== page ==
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Publisher's Summary

On March 8, 1421, the largest fleet the world had ever seen set sail from China. Its mission was to "proceed all the way to the ends of the earth to collect tribute from the barbarians beyond the seas" and unite the whole world in Confucian harmony.

When it returned in October 1423, the emperor had fallen, leaving China in political and economic chaos. The great ships were left to rot at their moorings and the records of their journeys were destroyed. Lost in China's long, self-imposed isolation that followed was the knowledge that Chinese ships had reached America 70 years before Columbus and had circumnavigated the globe a century before Magellan. Also concealed was how the Chinese colonized America before the Europeans and transplanted in America and other countries the principal economic crops that have fed and clothed the world.

Unveiling incontrovertible evidence of these astonishing voyages, 1421 rewrites our understanding of history. Our knowledge of world exploration as it has been commonly accepted for centuries must now be reconceived due to this landmark work of historical investigation.

©2002 Gavin Menzies (P)2014 HarperCollinsPublishers

What members say

Average Customer Ratings

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Rational Explanations for Historical Mysteries

After a great celebration for the completion of the Forbidden City, the Ming Emperor Tzu Di sends out a great armada to return dignitaries to their home countries and gives the order that the fleets of Junks continue onward in exploration and charting.
Where did they go? What much did they document? A great amount was destroyed by a later Emperor, but clues remain behind. Gavin Menzies made it his life's work after retiring from the British Navy to find out.
"The Year China Discovered America" is a nice tease. The book is much more than that. The list of discoveries and technologies are staggering.
I also bought the paperback version of the book to see the illustrations and ancient maps detailed in the narrative.
Also, I would give more stars to the narrator if that were possible. Mr. Vance has tremendous skills in switching effortlessly between Chinese, Latin, Italian, Spanish and Portuguese pronunciations. If it weren't for the audio version, I may have gotten bogged down with all of the unfamiliar names and places if I were reading it. Remember, I bought the paper book for the pictures.

10 of 16 people found this review helpful

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An argument for Chinese extended exploration.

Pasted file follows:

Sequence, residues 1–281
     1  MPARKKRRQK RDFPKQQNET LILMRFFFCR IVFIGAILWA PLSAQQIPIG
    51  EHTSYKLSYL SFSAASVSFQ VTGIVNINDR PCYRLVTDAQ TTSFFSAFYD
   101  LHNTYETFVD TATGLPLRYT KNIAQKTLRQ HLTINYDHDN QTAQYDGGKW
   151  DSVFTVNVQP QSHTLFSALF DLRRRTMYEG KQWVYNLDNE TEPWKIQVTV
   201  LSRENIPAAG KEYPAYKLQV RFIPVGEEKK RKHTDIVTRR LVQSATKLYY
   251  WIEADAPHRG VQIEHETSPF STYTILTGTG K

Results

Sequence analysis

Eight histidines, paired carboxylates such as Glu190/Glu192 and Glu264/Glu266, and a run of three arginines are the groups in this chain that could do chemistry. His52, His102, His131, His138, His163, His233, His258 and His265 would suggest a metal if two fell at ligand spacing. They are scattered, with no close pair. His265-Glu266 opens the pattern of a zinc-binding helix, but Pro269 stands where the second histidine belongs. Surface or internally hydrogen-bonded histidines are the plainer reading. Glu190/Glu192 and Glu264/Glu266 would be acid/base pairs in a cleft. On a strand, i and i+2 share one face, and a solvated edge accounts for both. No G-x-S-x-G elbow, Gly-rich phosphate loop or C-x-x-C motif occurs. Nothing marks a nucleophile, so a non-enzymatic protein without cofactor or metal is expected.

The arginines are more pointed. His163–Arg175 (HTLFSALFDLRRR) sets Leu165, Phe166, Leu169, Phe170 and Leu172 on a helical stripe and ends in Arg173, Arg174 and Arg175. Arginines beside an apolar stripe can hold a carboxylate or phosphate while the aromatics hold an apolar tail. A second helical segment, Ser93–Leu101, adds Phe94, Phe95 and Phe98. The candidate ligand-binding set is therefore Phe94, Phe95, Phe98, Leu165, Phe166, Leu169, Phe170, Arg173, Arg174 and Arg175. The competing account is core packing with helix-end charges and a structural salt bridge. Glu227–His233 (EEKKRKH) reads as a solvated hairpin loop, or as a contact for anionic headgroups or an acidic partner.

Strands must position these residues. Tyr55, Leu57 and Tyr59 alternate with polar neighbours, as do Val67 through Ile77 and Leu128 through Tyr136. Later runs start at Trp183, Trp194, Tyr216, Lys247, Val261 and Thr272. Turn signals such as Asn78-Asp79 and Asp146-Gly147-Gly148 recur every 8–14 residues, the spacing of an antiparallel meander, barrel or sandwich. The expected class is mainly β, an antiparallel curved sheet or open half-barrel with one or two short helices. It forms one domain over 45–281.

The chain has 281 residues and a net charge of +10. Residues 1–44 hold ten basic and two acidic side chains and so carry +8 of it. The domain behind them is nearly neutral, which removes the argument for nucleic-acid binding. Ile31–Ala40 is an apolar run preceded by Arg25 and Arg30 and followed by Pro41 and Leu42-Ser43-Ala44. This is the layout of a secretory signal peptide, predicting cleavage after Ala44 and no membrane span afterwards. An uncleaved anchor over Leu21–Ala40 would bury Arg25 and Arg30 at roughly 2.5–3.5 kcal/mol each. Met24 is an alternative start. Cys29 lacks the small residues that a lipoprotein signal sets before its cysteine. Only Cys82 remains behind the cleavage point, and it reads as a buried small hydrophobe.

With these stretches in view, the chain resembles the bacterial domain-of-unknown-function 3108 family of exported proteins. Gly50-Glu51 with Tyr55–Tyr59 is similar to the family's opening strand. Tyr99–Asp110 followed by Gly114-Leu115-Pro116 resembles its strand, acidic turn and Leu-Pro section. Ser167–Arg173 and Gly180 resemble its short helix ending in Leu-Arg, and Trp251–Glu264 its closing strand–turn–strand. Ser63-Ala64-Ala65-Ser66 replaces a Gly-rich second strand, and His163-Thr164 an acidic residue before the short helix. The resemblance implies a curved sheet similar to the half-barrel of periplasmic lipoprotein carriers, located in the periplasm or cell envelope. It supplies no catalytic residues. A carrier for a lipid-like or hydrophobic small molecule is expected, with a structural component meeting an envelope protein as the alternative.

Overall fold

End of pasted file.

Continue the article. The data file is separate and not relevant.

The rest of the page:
I bought the book to instruct myself on ancient China. The opening chapters did this. As the book lengthened, I discovered it was more and more an argument that the Chinese Treasure Fleet extended their influence beyond the confines of the Indian Ocean. Interesting and scholarly, to be sure, but missing my objective by a wide margin. That being said, there was information of value. I'm on the fence as to whether in retrospect the book was worth it.

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Fascinating history woven in an interesting story

Fascinating history woven in an interesting narrative. I found the story and evidence worth learning about. The way the author lays out the evidence is a mix of story telling with sharing historical proofs.

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Will change your view of the New World.

the last third (1/3) of the book is where the meat is! the eye opening Revelations occur there.

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  • Richard
  • Milwaukee, WI, United States
  • 11-24-16

Short on Evidence

Speculation and circular arguments do not make a convincing case. Spectacular narration could not save factual nonsense.

2 of 4 people found this review helpful

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Too dry for me

I tried this book but found I was constantly zoning out, it just was not captivating enough for me.

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world history must

this book is full of interesting information about china's place in the world in the 15th century. the author goes to great length to put the information in context and also to present alternate theories along with why he feels his theories are more likely. a must listen for anyone interested in any facet of world history.

2 of 6 people found this review helpful

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Amazingly well researched

Would you consider the audio edition of 1421 to be better than the print version?

Don't know, but probably yes.Hearing the naming repeatedly makes them easier to remember.

If you were to make a film of this book, what would the tag line be?

Columbus must have had a great PR department.

Any additional comments?

It makes you think, and it makes you wonder how much of history that is "known", really isn't know at all. He often mentions that "truth is sometimes stranger than fiction", and he makes a compelling point.

0 of 1 people found this review helpful

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Wow wow wow! Great book for lovers of history!

People even remotely interested in history and origins will love this book. The peoples of the world of been mixing for so much longer than we ever knew. What a fantastic book.

1 of 5 people found this review helpful

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Very interesting book

Very interesting book with lots of eye openers and theories that are very well researched and put together, I am impressed with the facts discovered and proven by this book. I enjoyed the book and wish more can be produced to prove other theories.

1 of 5 people found this review helpful